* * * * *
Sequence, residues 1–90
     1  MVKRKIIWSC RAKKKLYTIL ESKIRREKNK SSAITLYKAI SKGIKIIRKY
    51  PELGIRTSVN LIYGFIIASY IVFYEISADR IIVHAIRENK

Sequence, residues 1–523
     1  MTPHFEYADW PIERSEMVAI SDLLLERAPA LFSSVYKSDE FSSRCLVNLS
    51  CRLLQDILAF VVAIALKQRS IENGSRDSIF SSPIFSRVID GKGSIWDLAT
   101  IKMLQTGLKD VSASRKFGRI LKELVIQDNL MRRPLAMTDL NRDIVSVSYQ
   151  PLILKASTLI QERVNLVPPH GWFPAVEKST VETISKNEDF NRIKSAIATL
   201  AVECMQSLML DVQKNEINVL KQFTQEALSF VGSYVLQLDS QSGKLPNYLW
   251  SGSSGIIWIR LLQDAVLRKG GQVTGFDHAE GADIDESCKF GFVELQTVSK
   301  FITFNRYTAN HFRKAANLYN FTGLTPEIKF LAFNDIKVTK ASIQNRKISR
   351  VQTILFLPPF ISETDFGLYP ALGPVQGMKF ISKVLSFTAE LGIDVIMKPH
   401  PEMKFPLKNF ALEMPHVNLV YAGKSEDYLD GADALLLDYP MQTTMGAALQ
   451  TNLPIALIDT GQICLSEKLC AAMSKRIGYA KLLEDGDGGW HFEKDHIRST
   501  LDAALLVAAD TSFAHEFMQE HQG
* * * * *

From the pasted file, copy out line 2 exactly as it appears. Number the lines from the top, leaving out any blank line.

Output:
     1  MVKRKIIWSC RAKKKLYTIL ESKIRREKNK SSAITLYKAI SKGIKIIRKY